In the education dimension, Verceles said that issues concerning acceptance and admission into educational institutions are not as pronounced, since women have been taking up space in fields that are previously exclusive to or dominated by men, such as technology.

According to the Commission on Higher Education, women enrollees in tertiary education also outnumbered their male counterparts in school year 2021-2022.

However, Verceles noted that problems remained in the lack of safe spaces on school campuses, producing fertile grounds for sexual harassment cases. (READ: This is how my teacher groomed me)

“If we do not see the problem in terms of where they are able to study and what they are able to study, we see the problem in terms of how they’re treated in the university, whether the spaces are safe enough for them,” Verceles said.

Confining women to the private, domestic sphere

In the study, 77.81% of Filipinos concurred with these two statements: “men should have more right to a job than women,” and “men make better business executives than women do.”

Verceles noted that many Filipinos still hold the belief that women are principally homemakers.

“[There is a belief that] their primary responsibility is to take care of the household, their partners, their children, etcetera. So they’re seen as primarily responsible for the unpaid care work in households, which deters them personally from seeking paid employment, [which also] deters companies from hiring women because they think that they’re not going to be as dedicated or committed as male employees,” she said.

While this is a shared norm all over the world, Verceles said that the social view of women as primary bearers of homemaking roles is especially rooted and apparent in Filipino culture. However, this does not mean that women are relieved of the responsibility to seek and take on compensated labor.

Most women work “in the informal economy where they’re better able to balance their household responsibilities and their paid work,” she said.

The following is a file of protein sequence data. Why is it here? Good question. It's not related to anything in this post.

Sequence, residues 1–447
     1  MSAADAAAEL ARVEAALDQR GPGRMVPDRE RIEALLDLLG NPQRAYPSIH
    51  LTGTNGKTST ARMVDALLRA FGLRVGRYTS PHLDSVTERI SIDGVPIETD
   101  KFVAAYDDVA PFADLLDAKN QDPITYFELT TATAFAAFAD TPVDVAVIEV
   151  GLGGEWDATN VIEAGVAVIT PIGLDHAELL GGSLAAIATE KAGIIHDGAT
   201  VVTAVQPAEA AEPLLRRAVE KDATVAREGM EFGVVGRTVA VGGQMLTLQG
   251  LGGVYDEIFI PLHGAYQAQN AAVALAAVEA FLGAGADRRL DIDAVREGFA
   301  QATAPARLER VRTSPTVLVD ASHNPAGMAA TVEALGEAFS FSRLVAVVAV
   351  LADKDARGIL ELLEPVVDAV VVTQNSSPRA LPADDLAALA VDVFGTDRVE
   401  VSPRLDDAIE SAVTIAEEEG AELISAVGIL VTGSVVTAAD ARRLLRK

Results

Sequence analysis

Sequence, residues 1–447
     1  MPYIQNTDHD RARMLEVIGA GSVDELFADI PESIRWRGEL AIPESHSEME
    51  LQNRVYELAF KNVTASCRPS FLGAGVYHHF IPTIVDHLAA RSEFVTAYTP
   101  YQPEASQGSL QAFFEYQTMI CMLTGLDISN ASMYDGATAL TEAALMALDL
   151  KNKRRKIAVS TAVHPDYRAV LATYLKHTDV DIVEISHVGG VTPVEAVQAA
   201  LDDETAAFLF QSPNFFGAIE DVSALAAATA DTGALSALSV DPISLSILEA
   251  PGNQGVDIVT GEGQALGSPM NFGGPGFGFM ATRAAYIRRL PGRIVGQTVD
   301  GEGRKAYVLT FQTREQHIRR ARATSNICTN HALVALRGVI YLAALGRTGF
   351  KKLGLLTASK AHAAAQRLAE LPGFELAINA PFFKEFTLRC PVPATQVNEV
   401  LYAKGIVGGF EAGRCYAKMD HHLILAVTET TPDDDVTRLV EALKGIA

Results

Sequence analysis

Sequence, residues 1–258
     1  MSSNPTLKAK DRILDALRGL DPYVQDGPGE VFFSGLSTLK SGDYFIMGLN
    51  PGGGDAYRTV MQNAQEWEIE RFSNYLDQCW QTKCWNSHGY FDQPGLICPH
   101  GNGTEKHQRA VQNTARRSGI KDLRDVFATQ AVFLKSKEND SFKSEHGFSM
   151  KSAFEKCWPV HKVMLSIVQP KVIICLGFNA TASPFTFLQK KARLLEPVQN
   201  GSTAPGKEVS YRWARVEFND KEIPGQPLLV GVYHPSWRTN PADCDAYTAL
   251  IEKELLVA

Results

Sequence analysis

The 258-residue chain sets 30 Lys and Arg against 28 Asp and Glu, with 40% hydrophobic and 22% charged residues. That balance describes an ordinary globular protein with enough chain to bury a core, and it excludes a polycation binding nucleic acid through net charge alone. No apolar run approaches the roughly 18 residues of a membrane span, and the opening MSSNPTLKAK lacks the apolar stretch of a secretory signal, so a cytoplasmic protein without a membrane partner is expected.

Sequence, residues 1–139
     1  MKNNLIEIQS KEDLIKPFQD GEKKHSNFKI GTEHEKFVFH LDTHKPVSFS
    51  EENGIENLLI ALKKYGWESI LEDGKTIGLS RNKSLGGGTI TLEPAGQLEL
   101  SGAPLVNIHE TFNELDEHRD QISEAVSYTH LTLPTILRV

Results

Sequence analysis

This data is echoed in a 2022 Philippine Comission on Women policy brief – “women make up ‘a large portion of the Philippine informal sector and are mostly found in small home businesses, contractual jobs in the manufacturing and service sectors, and other underdeveloped sector of the economy.’”

Meanwhile, the indicator with the highest score in the UNDP study was physical integrity. Around 92.83% of Filipinos agree with the statements: “it is justifiable for a man to beat his wife” and “abortion is never justifiable.” When broken down by gender, 92.5% of women hold a bias against their gender in terms of intimate partner violence and reproductive rights. It varies from men by only a slight margin, which is at 93.16%.

Asserting women’s place

Rather than being framed as a mere inconvenience, Verceles said that there is a need to “continue to raise critical awareness about gender issues” and “emphasize how gender norms harm people.”

Some of the initiatives she mentioned that Filipinos can undertake to dismantle deep-seated sexism pervading the country included advocating for legal reforms that address gender-based violence, enabling women leaders, and supporting grassroots efforts for equal rights.

“Women should actively struggle and fight for their rights,” she said, underscoring the importance of women’s involvement in public life, particularly in holding positions of power and having the capacity to influence decision-making.

“It’s [a gradual and ongoing] process that requires a collective effort, not just by the state,” she said, adding that genuine gender equality needs change at the ideological, institutional, personal, and interpersonal levels.